As we made our way home from school, my littles began noticing the plethora of hockey sticks decorating the front porches of many of the homes in our neighbourhood. I explained that people had put out their hockey sticks for relay a message to Humboldt: "We're with you."
Another why followed and I explained that when you're hurting, the biggest thing is you want to know you aren't alone.
In pain, our first need is presence.
My temperature would rise when people when they would say things like, "I think your dad got sick so that..." While well-intending, no one wants to hear your logical conclusions for their suffering. It’s not helpful.
Truthfully no one on earth knows exactly why we had to watch him deteriorate to nothing, and why he won't get to be at my little sister's wedding someday, and why he won't get to hold most of his grandchildren, and why my mom will be alone, and why the church will be without their pastor and I will be without my dad.
If you want people to want to punch you say, “I know exactly how you feel." You haven't walked a mile in their shoes no matter how similar your shoes appear.
I will tell you, there were some people I welcomed, and I pray that you and I will be those people.
People who were simply with me.
They didn't try to solve my problems or explain away my sorrow. They simply chose to cry with me. Or simply acknowledge that my family had suffered a terrible loss. Some even cried for me when I couldn't cry anymore. As I watched the Humboldt Broncos chaplain deliver a message at the memorial service, (worth every single second of the 17:44) he was very clear: I don't know why. But we're with you.
With is powerful, because presence is powerful.
He quoted Psalm 23, "Even though I walk through the valley of the shadow of death, I will fear no evil. For you are with me." From the beginning, God provided for our greatest need in times of pain: His presence. We eventually wrestle for perspective but in the moments of raw pain, we have the presence of a Sympathetic Saviour who gets our pain because He entered into it and experienced life, death and trailblazing the way for us to rising again.
If you're wondering what kind of a Saviour Jesus is, John 11 will tell you.
One of Jesus' friends (Lazarus) was on his death bed, so his sisters sent for Jesus. Surely He would come and save the day and save their brother. Jesus gets the news and declares, "This sickness will not end in death but it is for the glory of God," and in a puzzling move, He doesn't go?
He waits for two more days. When He eventually does go, it's not looking good. In fact, it's looking like it's too late. Lazarus has been dead for four days. Jesus converses with the sisters who are grief stricken over the loss of their brother and He asks if they believe He is the Resurrection and the Life, and then the part that gets me every time:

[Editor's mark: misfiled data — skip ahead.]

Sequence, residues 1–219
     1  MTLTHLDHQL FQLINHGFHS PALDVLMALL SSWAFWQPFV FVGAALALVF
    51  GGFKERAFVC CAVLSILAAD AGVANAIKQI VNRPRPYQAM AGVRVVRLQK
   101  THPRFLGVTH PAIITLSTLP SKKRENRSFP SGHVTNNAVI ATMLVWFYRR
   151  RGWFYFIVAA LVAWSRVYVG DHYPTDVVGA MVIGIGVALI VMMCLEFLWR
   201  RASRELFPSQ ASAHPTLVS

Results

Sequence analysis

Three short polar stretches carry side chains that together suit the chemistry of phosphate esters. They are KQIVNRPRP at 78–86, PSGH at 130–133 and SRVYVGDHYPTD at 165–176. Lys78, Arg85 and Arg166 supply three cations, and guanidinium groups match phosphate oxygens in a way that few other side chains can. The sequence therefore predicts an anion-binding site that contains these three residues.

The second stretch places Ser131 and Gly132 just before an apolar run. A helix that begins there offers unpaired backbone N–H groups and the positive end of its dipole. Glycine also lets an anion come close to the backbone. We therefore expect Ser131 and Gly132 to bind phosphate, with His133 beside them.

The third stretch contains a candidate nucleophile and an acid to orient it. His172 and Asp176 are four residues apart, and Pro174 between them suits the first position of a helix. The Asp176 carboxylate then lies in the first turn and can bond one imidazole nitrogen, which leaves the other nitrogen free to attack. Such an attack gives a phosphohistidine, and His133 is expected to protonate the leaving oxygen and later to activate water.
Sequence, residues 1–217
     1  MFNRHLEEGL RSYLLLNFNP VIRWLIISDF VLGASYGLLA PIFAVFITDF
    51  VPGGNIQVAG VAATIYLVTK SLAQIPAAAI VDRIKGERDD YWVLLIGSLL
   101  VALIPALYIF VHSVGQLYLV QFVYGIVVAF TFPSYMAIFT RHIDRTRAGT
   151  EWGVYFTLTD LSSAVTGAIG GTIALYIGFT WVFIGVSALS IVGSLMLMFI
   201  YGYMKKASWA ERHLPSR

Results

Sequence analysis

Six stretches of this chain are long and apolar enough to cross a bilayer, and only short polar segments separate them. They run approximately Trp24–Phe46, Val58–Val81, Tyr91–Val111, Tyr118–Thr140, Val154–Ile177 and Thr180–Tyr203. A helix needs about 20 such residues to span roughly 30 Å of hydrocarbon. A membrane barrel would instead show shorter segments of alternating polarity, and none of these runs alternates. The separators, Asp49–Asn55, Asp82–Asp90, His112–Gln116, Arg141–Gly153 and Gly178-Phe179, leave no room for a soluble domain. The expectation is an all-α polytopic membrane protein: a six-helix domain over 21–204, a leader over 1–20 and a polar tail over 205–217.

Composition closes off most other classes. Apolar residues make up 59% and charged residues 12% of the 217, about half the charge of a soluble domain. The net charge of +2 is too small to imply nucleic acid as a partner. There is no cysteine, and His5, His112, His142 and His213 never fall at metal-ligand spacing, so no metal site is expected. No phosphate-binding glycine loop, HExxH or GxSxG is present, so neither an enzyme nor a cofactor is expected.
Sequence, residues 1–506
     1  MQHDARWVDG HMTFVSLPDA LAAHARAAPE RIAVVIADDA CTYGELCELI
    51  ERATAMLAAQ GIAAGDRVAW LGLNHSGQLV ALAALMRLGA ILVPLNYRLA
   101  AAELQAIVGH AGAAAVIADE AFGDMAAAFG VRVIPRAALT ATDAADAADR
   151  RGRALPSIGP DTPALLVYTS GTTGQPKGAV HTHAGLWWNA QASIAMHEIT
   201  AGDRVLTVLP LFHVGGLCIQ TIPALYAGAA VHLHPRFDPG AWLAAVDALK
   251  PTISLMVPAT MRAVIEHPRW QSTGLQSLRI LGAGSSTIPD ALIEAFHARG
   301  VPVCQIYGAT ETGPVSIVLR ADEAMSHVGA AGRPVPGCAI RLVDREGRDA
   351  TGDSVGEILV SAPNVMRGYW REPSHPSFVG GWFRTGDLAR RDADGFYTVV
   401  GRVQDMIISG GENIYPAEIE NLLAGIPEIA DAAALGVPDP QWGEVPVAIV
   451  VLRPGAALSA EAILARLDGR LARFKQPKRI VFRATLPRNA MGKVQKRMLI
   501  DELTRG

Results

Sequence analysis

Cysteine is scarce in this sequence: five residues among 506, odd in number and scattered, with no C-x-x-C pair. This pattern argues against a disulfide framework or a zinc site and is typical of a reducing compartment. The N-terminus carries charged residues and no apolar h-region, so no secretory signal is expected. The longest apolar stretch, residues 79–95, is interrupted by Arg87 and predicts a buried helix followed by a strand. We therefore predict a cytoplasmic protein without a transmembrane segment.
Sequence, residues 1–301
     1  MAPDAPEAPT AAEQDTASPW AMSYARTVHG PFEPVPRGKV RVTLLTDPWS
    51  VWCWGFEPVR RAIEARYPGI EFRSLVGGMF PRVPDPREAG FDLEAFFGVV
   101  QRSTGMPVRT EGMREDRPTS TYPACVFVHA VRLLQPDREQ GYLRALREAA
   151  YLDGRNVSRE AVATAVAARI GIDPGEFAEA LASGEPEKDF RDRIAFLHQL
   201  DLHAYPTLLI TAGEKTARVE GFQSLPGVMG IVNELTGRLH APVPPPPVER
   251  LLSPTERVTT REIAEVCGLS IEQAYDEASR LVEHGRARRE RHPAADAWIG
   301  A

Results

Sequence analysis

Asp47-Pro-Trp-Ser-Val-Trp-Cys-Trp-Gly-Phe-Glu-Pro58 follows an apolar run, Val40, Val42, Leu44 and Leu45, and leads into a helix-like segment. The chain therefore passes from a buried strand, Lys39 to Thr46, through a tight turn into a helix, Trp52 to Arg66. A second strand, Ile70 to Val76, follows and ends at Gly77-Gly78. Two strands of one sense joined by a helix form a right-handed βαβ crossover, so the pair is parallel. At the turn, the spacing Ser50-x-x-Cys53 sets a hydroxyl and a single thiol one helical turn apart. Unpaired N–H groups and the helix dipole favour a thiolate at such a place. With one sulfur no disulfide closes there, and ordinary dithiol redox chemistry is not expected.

"When Jesus saw her crying, and the Jews who had come with her crying, He was angry in His spirit and deeply moved... and then... Jesus wept."
God in the flesh, about to do a miracle and raise a dead man to life, took the time to hurt and weep with His hurting friends, like any good friend would. The fact that the power and perspective was right around the corner didn't stop Him from taking the time to be present in their pain.
When I have no perspective, I have the Presence of my sympathetic Saviour, the only one who does know exactly what I'm going through. And even though He knows the healing that will come, and the miracle He is about to do, He still takes the time to be angered and deeply moved over the pain His children are experiencing.
So today, I weep with Humboldt and I pray for Humboldt, that those drowning in pain, will first experience the presence of God.
To my believing friends who are on the front lines, with someone who is suffering unimaginable pain, remember this, “We are the gospel message that many will read. Often people can’t begin to understand the love of God until they have felt love from a real live person.” (JD Greear.)
Ask God today, how would you have me respond? What would you do? Then go be His presence as He leads you. I know you'll represent Him well.
When we arrived home, my biggest little man went through the house frantically searching for his foam hockey stick. He didn't care that it wasn't a real hockey stick, his little heart just wanted to say, "We are with you."
Even though you walk through the valley of darkness, Humboldt.... we are with you and so is He.